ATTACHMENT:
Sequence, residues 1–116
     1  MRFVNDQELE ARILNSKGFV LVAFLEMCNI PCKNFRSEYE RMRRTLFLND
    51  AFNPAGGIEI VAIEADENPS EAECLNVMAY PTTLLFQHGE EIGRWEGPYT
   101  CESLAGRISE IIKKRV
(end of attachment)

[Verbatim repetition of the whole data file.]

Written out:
Sequence, residues 1–116
     1  MRFVNDQELE ARILNSKGFV LVAFLEMCNI PCKNFRSEYE RMRRTLFLND
    51  AFNPAGGIEI VAIEADENPS EAECLNVMAY PTTLLFQHGE EIGRWEGPYT
   101  CESLAGRISE IIKKRV